Police Officer Épaphrodite Manigaraba on His Work with Survivors of Gender-Based Violence

Officer Epaphrodite

Officer Épaphrodite Manigaraba

Épaphrodite Manigaraba is a young man, but already he’s established a reputation for himself as a patient, compassionate, and trustworthy police officer.

“For me, justice is the fight against inequality,” he says. “There are many departments in the police, but I wanted to work in the area of gender-based violence in order to protect survivors and [help them] find solutions to their problems.”

But knowing how to talk to survivors is not always easy, especially when it comes to providing psychosocial support. Learning how to talk to someone who has lived through trauma was one of the important lessons Épaphrodite learned as a participant in a gender-based violence training workshop that IntraHealth’s Rwanda office recently organized.

“The training helped me learn different strategies to use when talking with survivors and made me realize that I need to spend more time with them,” Épaphrodite says, though he adds that making sure survivors of physical and sexual violence are taken to a health center is always the first priority of officers at the station.

“Sometimes we have to use our own airtime to call an ambulance, but we always do because we know how important it is for survivors to see a health provider,” Épaphrodite says. Immediate medical attention ensures that survivors of sexual violence, for example, get post-exposure prophylaxis to protect them against HIV infection as well as other urgent medical care.

Part of the training, which Épaphrodite attended with over 20 of his colleagues, focused on the importance of linking survivors with police officers and health providers. The link is important because survivors not only need clinical care in the critical hours after an attack but also legal protection and justice—justice that may hinge on evidence gathered by health providers during a physical examination.

“When survivors go to the health center first, providers call the police to let us know so we can follow up,” Épaphrodite says. “Some women in Rwanda do not know they have rights, so it’s important for us to make sure they understand that they can press charges. It’s also important for us to educate men because they are sometimes ignorant about the rights of women and the laws protecting them.”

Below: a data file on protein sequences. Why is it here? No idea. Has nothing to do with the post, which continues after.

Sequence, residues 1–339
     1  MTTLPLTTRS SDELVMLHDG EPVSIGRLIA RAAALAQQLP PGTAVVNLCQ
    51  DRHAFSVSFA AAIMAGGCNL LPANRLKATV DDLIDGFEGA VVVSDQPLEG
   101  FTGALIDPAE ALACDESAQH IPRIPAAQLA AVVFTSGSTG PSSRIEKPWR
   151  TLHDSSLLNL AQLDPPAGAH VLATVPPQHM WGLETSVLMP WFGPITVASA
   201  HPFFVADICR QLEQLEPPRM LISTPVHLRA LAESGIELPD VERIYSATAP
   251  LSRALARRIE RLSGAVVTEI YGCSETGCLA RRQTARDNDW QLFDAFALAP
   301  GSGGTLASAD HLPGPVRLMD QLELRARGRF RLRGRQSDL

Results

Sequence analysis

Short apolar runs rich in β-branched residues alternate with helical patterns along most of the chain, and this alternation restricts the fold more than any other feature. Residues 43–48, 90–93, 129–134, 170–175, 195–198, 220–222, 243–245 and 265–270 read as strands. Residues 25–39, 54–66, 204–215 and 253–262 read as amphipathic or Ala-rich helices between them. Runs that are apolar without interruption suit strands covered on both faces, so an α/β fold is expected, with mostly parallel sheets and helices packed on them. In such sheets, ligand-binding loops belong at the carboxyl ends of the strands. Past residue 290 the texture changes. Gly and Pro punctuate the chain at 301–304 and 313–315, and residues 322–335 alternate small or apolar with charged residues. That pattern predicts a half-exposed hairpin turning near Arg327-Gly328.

For this reason, one of Épaphrodite’s primary responsibilities as a police officer is to talk to community members about their legal rights. “The law protects everyone, including women and children,” Épaphrodite says. “Gender-based violence persists in Rwanda because of a lack of knowledge, [and because of] poverty and culture, but especially a lack of knowledge. Educating the population is an important step in overcoming gender-based violence in our country.”

According to various studies, more than 25% of Rwandan women have been victims of sexual violence1, 31% have suffered physical violence, and 35% have suffered some form of intimate partner violence2. A 2005 study by the World Health Organization reported that in ten countries* between 15-71% of women experienced physical or sexual violence from a husband or partner.3 In serious and egregious cases, the full strength of the law is the only effective recourse for the protection of the survivor and one which Épaphrodite and other trained officers turn to without hesitancy.   

The HIV/AIDS Clinical Services Program in Rwanda is funded by USAID and led by IntraHealth International in the districts of Gasabo, Gicumbi, Nyagatare, and Rulindo.

* The ten countries in the study included Bangladesh, Brazil, Ethiopia, Japan, Peru, Namibia, Samoa, Serbia and Montenegro, Thailand, and the United Republic of Tanzania.


  1. MIGEPROF and USAID, 2004. National Research on Violence against Women.
  2. Republic of Rwanda. July 2006. Rwanda Demographic and Health Survey 2005.
  3. World Health Organization. 2005. WHO Multi-country Study on Women’s Health and Domestic Violence against Women.